Data structures & algorithms (Beginner to Intermediate)

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Introduction

If you want to have a successful career in the tech field, you really need to have a strong knowledge of Data Structure and Algorithms. In this article, we’ll solve a question that is frequently asked in the technical interview, based on the concept of the Sliding Window, Smallest Subarray With All Occurrences of the Most Frequent Element.

The sliding window problem usually involves maintaining a window that complies with the problem limitations is the basic principle. Two pointers, let's say left and right, that point to a certain index in an array or a specific character in the case of a string might be used to represent a window.

We have provided an array for the Smallest Subarray With All Occurrences of the Most Frequent Element problem. Consider the n-th element of an array with the highest frequency. You are required to identify the smallest subarray that contains every instance of the number "n" in that subarray, according to the problem description.

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Example

Input Array: [1, 5, 3, 5, 3]

Output Array: [5, 3, 5]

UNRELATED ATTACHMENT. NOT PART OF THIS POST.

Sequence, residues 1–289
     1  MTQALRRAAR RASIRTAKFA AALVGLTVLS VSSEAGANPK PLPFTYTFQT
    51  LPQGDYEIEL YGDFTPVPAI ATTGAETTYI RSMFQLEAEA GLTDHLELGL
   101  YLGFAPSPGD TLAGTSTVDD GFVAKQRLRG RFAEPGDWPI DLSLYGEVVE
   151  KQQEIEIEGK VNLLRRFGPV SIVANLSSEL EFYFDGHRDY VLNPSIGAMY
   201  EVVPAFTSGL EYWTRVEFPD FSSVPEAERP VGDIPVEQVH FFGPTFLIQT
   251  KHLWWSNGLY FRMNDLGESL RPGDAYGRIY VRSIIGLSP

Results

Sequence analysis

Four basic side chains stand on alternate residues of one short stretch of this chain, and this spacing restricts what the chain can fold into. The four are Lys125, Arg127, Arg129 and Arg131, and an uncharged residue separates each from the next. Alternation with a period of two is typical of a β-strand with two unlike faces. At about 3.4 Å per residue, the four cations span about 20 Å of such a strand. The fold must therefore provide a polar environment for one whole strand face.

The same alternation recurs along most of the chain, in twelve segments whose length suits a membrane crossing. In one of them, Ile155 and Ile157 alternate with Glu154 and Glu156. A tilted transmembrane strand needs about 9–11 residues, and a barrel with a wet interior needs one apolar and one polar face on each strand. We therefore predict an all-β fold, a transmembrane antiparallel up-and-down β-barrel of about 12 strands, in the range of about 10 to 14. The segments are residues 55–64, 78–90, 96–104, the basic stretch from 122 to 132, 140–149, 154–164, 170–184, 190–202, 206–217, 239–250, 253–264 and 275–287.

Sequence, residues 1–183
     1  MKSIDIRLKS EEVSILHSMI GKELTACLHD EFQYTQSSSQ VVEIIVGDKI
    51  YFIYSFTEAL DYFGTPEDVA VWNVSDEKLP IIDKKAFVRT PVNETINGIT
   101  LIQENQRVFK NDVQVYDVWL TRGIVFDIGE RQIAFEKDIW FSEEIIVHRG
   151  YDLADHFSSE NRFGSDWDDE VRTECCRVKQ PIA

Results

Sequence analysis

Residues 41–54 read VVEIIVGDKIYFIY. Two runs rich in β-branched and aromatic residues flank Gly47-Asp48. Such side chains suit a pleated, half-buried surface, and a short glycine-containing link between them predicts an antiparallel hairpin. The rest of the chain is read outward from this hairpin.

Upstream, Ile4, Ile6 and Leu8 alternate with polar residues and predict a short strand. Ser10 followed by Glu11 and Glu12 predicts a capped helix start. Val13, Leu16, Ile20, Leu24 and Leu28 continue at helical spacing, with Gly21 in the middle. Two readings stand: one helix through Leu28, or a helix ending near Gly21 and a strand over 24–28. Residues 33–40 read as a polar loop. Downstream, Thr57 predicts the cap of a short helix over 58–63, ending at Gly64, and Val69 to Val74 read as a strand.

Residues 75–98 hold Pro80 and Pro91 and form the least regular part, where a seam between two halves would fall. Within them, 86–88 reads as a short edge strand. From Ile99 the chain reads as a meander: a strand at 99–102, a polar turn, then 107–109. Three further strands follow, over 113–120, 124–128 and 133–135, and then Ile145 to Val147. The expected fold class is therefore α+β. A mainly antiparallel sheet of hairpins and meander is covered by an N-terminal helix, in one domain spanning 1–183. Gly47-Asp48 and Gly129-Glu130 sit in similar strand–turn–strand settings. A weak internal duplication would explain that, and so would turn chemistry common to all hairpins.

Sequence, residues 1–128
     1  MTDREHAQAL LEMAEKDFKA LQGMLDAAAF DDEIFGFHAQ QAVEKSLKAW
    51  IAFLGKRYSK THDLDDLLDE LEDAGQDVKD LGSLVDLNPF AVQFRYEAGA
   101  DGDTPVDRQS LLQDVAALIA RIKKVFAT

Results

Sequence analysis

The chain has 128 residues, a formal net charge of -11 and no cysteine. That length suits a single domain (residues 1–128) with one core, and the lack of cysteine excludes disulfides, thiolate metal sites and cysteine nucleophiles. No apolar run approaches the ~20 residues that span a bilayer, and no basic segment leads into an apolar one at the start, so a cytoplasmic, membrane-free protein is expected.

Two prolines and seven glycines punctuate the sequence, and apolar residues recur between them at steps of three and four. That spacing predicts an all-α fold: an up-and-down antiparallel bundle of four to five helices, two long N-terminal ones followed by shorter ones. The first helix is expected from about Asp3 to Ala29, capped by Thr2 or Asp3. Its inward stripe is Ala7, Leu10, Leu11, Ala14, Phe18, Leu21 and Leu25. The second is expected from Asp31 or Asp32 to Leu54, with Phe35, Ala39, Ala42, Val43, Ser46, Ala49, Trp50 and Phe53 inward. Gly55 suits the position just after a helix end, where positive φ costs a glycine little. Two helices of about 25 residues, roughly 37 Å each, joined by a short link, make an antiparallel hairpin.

Output Explanation: Since there are two frequent elements with the same frequency in this example, the smallest sub-array will be created using the first frequent element.

Algorithm

For better optimization, declare two unordered maps i.e. FrqCnt(Frequency_Count) and Cnt; to keep track of elements.

Put winidx(window_index), mnlen(minimumm_length_counter), and mxfreq(maximum frequency) at 0.

While 0 < n

The frequency of array numbers is counted and stored into the map for each iteration

Check to see if the frequency of the current element exceeds mxfreq, and if so, take the following action:

mxfreq = cnt[a[i]];

mnlen = i – frqCnt[a[i]] + 1;

winidx = frqCnt[a[i]];

Otherwise, if the highest frequency matches the frequency of the current element and the length of the subarray so produced is less than the minlen, then take the following action:

mnlen = i – frqCnt[a[i]] + 1;

winidx = frqCnt[a[i]];

print the array from (winidx) to (winidx + minlen).

Algorithm Walkthrough

Starting Point:

Update the Data Structure and variables as we encounter element while we iterate:

The Length of the Element is calculated by: ending point - starting point + 1

Here we have 2 valid answers i.e. 5,3,5 and 3,5,3, we can return any or the first one depending on the question: